Switching dog food can be tough for some pups, but sometimes it’s necessary. Your dog may have food allergies or sensitivities or need to lose weight. Or maybe your pup is simply tired of the food they’ve been eating and need a new flavor. Whatever the reason, it’s important for your dog’s well-being and comfort that you transition gradually to new dog food.

Switching dog food abruptly can cause your pup gastrointestinal discomfort, which is bad for everyone involved. Your furry friend may experience an upset stomach, diarrhea, gas, bloating, vomiting, and may even lose their appetite. Gradually changing your pup’s diet helps your dog adjust to new food over a period of days. This makes gastrointestinal issues much less likely.

Your dog may be ready for all Puppo, all the time, but their digestive system needs to adjust to any new food. By transitioning slowly, you can help them avoid uncomfortable tummy troubles.

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How to Transition Dog Food

We recommend using a gradual five-day approach when transitioning your dog to a new type of food. This step-by-step approach will give your dog’s system a chance to adjust. To ensure your dog has a stress-free transition when you are switching dog food, follow these steps.

The rough rule is to increase the amount of new food by 20% every day while decreasing your old food. The schedule would look like this:

Transitioning to PUPPO

Day 1: 20% PUPPO, 80% old brand
Day 2: 40% PUPPO, 60% old brand
Day 3: 60% PUPPO, 40% old brand
Day 4: 80% PUPPO, 20% old brand
Day 5: 100% PUPPO, goodbye to old brand!

This gradual transition is generally a good idea for many reasons. Your dog might have a delicate gastrointestinal system that needs to be “trained” to digest the new food. The bacteria and other microbes in the gut are used to digest certain foods, and a sudden change to a completely new food can cause gas or loose stool. Also, picky eaters may be more receptive when new foods are first introduced in small amounts. 

Your dog might be just fine with going “cold turkey.” But since it is often hard to tell what is or isn’t causing them distress, it’s recommended to gradually ease them into the new chow. By making the dietary changes gradually, you can monitor your pet to ensure that your pup is feeling good. This allows you to make sure that your pup’s diet is ideal for your furry friend.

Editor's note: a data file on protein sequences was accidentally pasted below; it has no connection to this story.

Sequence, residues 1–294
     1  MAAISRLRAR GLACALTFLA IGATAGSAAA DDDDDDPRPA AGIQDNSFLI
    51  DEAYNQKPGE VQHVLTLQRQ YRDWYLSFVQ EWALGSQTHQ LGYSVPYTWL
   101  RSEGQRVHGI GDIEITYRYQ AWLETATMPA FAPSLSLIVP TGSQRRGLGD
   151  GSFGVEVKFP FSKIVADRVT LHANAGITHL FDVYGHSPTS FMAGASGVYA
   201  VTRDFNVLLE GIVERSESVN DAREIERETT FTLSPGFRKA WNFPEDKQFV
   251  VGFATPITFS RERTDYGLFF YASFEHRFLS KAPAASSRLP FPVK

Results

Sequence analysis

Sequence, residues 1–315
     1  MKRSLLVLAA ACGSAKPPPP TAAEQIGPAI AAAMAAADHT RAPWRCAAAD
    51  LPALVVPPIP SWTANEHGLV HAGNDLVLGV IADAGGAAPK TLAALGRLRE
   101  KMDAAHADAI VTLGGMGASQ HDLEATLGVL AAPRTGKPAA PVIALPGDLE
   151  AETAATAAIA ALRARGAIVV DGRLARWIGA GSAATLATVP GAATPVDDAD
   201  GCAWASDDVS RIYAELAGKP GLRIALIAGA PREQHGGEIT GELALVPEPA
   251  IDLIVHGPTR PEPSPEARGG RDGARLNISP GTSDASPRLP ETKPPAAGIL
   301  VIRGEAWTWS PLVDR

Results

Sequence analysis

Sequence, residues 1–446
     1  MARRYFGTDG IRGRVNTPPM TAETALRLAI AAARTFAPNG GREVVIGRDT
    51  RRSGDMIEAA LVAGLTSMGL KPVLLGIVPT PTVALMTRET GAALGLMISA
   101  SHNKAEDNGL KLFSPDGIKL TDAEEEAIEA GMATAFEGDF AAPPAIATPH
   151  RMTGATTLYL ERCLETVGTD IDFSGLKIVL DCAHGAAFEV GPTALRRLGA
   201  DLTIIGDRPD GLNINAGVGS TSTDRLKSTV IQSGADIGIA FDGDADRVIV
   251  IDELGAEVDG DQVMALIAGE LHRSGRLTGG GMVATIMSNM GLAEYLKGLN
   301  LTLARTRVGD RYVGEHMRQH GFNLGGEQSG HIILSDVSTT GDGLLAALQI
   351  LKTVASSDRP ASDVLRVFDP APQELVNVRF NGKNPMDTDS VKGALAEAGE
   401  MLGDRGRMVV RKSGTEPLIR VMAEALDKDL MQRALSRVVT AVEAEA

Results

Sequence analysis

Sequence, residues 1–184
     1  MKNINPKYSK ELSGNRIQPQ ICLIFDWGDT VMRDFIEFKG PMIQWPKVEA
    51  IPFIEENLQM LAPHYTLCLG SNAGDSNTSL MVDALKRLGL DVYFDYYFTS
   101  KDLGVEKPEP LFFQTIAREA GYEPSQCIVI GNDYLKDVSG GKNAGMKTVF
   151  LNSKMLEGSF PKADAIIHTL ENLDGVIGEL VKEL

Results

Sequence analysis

When to Switch Dog Food More Slowly

If your pet is super sensitive to change or you’re making a big diet switch such as transitioning your pet from a wet to a dry kibble mix or from one protein to another, your pet may need a more gradual transition. 

To make the transition more slowly, try doubling the five-day approach by spending two days at each stage. This will give your pet more time to acclimate to the new food while avoiding sensitivity issues and discomfort.

If at any point when you’re switching dog food your pup starts to display symptoms of gastrointestinal upset, such as diarrhea or vomiting, it’s a good idea to slow down on the dietary transition. At that point, consider doubling the number of days for transitioning your pet’s food. 

If you’ve slowed down on the dog food transition and your pup is still experiencing issues of gastrointestinal upset, it’s a good idea to consult your veterinarian. A vet can tell if there are other issues occurring, such as food allergies or sensitivities.

Adverse Food Reactions and Sensitivities in Dogs

Adverse food reactions is a blanket term that refers to a wide variety of food-related illnesses in dogs. These include food intolerances and allergies, as well as stomach upset. Actual food allergies are rarer than reactions and sensitivities. 

If your veterinarian discovers that your pet has a food allergy or sensitivity, you may be instructed to do an elimination diet trial. If you determine that your pup has sensitivities or allergies, there’s a good chance that a Puppo diet can help.

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